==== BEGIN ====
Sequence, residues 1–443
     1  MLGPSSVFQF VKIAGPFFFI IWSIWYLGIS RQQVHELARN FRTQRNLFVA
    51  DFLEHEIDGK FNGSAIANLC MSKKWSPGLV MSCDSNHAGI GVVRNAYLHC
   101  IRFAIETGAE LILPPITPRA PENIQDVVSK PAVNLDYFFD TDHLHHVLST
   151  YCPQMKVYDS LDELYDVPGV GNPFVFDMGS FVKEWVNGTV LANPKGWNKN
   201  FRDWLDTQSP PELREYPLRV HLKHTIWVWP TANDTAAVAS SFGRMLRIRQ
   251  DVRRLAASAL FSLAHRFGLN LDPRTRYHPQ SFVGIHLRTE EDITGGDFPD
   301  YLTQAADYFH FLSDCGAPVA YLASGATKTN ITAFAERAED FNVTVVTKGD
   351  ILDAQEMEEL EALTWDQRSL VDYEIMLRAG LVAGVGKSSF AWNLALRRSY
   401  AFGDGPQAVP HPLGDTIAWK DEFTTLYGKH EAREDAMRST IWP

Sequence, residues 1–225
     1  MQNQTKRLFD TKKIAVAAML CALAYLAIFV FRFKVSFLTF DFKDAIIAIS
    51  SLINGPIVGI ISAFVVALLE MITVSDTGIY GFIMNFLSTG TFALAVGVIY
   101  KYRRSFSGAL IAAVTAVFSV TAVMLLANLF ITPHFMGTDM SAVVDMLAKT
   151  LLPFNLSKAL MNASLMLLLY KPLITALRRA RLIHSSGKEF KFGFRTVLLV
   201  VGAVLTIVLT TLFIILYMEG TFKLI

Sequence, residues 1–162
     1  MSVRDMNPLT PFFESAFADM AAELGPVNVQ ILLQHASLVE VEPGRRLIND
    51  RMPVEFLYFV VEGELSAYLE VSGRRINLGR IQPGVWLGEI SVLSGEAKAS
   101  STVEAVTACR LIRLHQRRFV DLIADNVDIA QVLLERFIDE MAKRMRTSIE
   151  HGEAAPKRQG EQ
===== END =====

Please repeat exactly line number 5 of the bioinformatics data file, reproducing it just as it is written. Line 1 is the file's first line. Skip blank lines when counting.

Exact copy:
   151  YCPQMKVYDS LDELYDVPGV GNPFVFDMGS FVKEWVNGTV LANPKGWNKN